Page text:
The Bottom Line
- Between the new FTC guidance and pending DAA enforcement, cross-device tracking is an issue that promises to be of increasing importance for the online advertising industry as the year progresses.
- Publishers, ad tech companies, advertisers, agencies and other members of the ecosystem should make every effort to understand the changing regulatory landscape and how to remain in compliance should they choose to take advantage of these technologies.
Only days before the Digital Advertising Alliance (DAA) was set to begin enforcing its cross-device guidance (see, “Enforcement of DAA Cross-Device Guidance to Begin on February 1, 2017”), the Federal Trade Commission (FTC) issued a new staff report on cross-device tracking. The FTC report further explores the benefits and challenges of cross-device tracking, including some of the FTC staff’s concerns about cross-device tracking. While it remains generally consistent with past pronouncements and guidance from the FTC, the report does push forward with more specific transparency, choice, sensitive data and security recommendations tailored to cross-device practices.
As the FTC staff report explains, cross-device tracking occurs when platforms, publishers and ad tech companies try to connect a consumer’s activity across the consumer’s multiple smartphones, tablets, desktop computers and other connected devices. Such connections can create a seamless experience for consumers, while simultaneously allowing such companies to build detailed profiles and device graphs, helping them better understand consumers’ behavior across all of their linked devices.
Highlights of the Report
Incorporating lessons learned from a November 2015 FTC workshop on cross device tracking, the new report emphasizes “transparency.” It explains that because the practice of cross-device tracking may not always be obvious to the consumer, they “may be surprised to find that their browsing behavior on one device will inform the ads they see on another device.”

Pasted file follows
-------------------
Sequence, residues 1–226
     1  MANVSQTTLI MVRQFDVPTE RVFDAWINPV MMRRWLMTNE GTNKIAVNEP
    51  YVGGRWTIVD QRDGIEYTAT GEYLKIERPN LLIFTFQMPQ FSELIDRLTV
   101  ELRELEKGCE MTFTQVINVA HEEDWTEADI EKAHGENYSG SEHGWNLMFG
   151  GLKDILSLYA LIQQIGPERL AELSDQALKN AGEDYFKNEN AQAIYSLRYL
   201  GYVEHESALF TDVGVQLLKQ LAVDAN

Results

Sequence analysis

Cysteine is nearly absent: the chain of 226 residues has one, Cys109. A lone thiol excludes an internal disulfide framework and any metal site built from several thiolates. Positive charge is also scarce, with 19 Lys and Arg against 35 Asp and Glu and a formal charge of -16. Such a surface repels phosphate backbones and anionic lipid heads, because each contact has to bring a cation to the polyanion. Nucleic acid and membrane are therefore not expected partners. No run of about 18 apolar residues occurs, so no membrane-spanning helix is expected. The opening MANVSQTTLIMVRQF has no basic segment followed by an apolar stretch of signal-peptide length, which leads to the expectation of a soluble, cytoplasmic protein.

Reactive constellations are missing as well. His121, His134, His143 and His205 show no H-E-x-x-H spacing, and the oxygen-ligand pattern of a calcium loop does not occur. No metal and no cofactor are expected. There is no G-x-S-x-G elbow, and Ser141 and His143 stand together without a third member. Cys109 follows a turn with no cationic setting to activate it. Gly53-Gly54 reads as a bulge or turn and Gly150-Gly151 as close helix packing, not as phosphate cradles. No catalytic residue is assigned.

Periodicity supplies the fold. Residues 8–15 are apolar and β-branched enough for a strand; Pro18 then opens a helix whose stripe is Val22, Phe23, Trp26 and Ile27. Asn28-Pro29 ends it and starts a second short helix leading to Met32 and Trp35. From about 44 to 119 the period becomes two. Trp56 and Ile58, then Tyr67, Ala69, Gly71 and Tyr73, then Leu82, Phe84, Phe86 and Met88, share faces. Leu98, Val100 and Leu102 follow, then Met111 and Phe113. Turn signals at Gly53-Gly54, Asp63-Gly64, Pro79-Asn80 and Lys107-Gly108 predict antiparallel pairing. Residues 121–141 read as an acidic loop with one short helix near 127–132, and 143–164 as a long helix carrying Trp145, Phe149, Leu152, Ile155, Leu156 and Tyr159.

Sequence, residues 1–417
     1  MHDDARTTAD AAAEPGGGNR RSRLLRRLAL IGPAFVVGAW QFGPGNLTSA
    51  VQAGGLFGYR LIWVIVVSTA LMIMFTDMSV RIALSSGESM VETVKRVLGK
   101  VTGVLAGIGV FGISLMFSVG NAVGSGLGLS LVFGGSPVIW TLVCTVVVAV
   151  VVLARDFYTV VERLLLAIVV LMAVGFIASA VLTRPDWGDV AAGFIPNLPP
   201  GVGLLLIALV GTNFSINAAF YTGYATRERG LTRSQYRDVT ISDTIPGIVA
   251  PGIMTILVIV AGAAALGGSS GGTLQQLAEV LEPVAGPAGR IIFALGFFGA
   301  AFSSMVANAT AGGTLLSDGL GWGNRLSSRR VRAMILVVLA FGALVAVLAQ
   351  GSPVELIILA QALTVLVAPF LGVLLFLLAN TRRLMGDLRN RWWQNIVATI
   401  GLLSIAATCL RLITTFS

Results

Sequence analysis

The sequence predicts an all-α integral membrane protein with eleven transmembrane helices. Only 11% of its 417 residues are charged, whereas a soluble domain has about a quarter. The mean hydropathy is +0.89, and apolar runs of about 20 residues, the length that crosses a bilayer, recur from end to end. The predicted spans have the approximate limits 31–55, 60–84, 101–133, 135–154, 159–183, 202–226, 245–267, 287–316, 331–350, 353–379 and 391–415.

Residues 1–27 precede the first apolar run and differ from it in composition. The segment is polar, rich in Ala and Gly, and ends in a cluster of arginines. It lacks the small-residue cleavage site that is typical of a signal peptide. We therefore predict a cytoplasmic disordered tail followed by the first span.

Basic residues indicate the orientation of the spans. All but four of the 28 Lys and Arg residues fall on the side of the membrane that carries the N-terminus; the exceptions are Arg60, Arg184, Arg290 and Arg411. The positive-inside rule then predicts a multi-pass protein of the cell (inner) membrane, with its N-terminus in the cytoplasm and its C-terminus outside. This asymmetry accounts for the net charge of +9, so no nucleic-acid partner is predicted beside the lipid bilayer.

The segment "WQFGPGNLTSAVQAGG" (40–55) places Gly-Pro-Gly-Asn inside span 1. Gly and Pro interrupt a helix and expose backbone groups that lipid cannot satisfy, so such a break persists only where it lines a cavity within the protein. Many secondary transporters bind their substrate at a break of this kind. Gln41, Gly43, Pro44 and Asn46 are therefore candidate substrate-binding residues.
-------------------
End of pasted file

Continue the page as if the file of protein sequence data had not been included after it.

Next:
The report also points out that consumers may be “unaware” that tracking is not limited to desktops, laptops, tablets and smartphones but that it also may include information from smart televisions, health information from a wearable device, or shopping at brick-and-mortar stores.
The report then suggests that companies “do not appear to be explicitly discussing cross-device tracking practices in their privacy policies.” Next, the report observes that consumers uncomfortable with cross-device tracking have “only limited choices to control it.”
In addition, the report continues, there “may be security-related concerns” when cross-device tracking companies collect and aggregate vast amounts of data about sites visited and apps used, often in conjunction with raw or hashed email addresses.
Finally, the FTC report commends efforts by the Network Advertising Initiative (NAI) and the DAA to improve transparency and choice in connection with cross-device tracking, but it adds that both the NAI and the DAA “could strengthen their efforts to address cross-device tracking,” including by taking specific enforcement actions and by further clarifying the scope of their codes.
The Report’s Recommendations
The report offers four key recommendations for the industry to address the concerns cited in the report about transparency, choice, sensitive data and security:
- Truthfully disclose tracking to consumers and business partners. As to cross-device tracking companies, the report specifically recommends that such companies provide truthful disclosures to consumers and to the first-party companies on whose websites and apps they appear so that these companies can, in turn, make truthful disclosures to consumers.
The report also says that consumer-facing companies that provide raw or hashed email addresses or usernames to cross-device tracking companies should refrain from referring to this data as “anonymous or aggregate” because it “can be vulnerable to re-identification in some cases.” Accordingly, it adds, these consumer-facing companies should be careful about making blanket statements to consumers stating that they do not share “personal information” with third parties. This is consistent with past FTC guidance which broadens the definition of what is considered to be personal information.
- Offer consumers choices about how their cross-device activity is tracked – and respect consumers’ choices. In this regard, the report suggests that consumer-facing companies that use third-party companies for cross-device tracking, and the cross-device tracking companies themselves, should coordinate efforts to help ensure that consumers receive truthful claims about their choices.
- Obtain consumers’ affirmative express consent before engaging in cross-device tracking on sensitive topics, including health, financial and children’s information, and before collecting and sharing precise geolocation information.
- Maintain reasonable security to avoid future unexpected and unauthorized uses of data. Among other things, the report suggests that companies should only keep the data necessary for their business purposes and that they should properly secure the data they do collect and maintain.